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 Extending the chain of responsibility (COR)  
 guidelines to include vehicle maintenance and
 repairs will improve accountability, and reduce
 complexity and inconsistency in the industry, the
 Australian Trucking Association (ATA) states
 part of the Heavy Vehicle National Law and  
 other  Legislation Amendment Bill 2016, the
 include imposing harsher penalties and bringing
 action against parties within the chain even
 before an incident occurs.
You MUST ENSURE all relevent parties are aware of the concept and obligations imposed by NHVL. This is a requirement of the legislation. Penalties can be imposed on any company or influencing party that is deemed to have breached this requirement.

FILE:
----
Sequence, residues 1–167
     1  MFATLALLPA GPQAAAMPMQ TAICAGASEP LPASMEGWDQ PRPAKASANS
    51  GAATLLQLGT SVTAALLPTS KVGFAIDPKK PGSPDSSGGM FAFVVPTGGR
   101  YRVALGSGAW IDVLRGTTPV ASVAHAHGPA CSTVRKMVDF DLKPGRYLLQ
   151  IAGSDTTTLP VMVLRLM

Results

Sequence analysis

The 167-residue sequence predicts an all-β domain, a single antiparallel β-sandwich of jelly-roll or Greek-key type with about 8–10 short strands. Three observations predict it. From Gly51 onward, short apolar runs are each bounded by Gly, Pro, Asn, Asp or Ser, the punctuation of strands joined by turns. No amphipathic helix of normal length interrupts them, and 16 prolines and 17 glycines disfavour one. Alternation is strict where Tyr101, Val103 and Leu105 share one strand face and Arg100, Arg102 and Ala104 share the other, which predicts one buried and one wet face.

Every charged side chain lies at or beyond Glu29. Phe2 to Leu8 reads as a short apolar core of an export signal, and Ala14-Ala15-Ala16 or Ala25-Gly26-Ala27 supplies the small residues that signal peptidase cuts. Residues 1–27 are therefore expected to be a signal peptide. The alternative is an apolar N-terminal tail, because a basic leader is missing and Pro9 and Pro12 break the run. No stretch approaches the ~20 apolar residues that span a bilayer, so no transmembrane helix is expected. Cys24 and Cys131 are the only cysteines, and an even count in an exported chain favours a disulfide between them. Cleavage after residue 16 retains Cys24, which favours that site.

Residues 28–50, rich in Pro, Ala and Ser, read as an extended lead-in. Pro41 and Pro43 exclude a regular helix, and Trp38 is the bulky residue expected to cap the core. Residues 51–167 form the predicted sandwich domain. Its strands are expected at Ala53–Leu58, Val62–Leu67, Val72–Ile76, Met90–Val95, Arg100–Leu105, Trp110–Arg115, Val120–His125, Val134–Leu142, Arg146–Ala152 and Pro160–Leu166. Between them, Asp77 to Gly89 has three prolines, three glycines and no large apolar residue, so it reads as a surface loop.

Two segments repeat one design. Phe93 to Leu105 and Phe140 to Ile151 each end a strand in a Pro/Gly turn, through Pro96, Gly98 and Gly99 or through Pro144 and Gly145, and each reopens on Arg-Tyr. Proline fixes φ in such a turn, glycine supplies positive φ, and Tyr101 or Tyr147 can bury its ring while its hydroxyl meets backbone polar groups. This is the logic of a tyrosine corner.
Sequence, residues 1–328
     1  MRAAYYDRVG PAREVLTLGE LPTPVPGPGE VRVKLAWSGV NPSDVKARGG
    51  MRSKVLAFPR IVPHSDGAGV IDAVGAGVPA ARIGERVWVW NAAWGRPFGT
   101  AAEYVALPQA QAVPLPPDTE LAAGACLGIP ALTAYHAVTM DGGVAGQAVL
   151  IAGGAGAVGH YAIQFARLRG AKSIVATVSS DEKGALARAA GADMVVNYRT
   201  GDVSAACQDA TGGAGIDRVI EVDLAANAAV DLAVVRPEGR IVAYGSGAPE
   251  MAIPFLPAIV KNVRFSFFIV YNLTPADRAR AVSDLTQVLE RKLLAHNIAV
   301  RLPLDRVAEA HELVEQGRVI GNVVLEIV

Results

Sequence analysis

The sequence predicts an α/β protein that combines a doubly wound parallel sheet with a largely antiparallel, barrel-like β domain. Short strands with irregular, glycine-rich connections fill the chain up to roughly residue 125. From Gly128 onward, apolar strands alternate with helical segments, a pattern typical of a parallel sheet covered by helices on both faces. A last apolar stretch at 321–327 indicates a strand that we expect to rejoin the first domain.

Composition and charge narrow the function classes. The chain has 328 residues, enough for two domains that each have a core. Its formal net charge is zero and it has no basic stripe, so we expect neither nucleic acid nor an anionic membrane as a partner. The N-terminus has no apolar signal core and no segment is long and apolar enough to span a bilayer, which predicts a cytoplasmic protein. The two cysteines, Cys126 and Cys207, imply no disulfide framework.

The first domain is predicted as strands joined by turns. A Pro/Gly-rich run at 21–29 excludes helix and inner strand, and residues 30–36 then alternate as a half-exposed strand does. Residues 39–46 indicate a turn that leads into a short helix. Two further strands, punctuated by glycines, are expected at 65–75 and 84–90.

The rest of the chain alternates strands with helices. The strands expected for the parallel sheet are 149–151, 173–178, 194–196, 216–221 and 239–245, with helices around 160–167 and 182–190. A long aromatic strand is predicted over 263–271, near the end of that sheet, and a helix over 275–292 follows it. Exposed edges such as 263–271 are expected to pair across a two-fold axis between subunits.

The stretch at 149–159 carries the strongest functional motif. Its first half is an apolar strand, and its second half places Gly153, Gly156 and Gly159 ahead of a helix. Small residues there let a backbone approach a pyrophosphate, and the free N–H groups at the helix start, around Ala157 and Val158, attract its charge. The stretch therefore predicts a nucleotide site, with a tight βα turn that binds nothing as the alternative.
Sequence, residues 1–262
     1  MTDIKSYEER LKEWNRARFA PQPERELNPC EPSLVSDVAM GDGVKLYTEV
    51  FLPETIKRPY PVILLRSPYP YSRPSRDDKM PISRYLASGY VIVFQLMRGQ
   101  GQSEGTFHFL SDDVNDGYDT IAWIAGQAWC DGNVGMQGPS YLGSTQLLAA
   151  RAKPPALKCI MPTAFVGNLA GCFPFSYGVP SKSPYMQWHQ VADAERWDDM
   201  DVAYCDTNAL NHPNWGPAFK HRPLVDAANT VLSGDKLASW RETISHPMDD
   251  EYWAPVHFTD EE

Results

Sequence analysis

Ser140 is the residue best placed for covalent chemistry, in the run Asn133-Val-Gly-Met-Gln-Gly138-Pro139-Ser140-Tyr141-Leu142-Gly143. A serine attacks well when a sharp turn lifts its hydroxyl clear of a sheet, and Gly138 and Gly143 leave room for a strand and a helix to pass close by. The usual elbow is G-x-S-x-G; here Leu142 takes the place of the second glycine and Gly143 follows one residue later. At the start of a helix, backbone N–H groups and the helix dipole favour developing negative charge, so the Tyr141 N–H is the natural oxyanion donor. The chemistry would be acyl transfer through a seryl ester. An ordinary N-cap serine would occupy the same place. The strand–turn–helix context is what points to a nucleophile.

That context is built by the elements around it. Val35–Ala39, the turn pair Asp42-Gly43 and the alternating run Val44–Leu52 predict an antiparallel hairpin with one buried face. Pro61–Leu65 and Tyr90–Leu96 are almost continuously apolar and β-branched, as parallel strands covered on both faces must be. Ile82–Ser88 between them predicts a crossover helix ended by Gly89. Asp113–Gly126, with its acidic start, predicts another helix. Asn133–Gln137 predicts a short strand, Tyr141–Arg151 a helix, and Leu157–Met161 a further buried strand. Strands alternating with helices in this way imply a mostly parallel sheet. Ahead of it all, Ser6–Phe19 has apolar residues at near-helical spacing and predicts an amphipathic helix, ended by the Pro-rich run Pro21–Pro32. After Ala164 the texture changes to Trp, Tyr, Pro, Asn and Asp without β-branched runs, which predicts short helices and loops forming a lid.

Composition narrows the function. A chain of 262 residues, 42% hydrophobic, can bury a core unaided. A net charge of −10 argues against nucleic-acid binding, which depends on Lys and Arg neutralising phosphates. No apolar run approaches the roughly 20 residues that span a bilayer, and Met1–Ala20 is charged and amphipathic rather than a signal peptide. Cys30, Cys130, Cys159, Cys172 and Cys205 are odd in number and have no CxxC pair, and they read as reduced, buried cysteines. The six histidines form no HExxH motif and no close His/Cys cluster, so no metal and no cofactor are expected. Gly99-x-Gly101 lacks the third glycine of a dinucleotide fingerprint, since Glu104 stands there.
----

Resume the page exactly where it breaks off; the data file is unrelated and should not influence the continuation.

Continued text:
Do I need to ensure my business has a robust
COR   management system in place?  
  (Article courtesy of QTA Member Cooper Grace Ward (CGW)
Heavy Vehicle National Law and other legislation amendment bill 2016  has now been passed in Queensland. The proposed changes will significantly alter the current regime and impose a ‘primary duty’ on all parties in the chain of responsibility to ensure, so far as is reasonably practicable, the safety of road transport activities. This means that enforcement agencies can bring proceedings against parties in the chain without some harm or incident having to first occur. The changes also impose significant maximum penalties that give teeth to the primary duty and align with other national safety laws.

The reforms were championed by the ATA include:
- a primary safety duty that will apply to all parties in the chain of  
   responsibility, including consignors and consignees
- the extension of chain of responsibility to truck maintenance and
  repairs (roadworthiness)
- a dramatic reduction in red tape
- higher maximum penalties ($3m)
-  new due diligence obligation on company directors and
   executives, but with a requirement that the prosecution prove its
   case. (Function rather than title)         

Be informed know what you are required to do...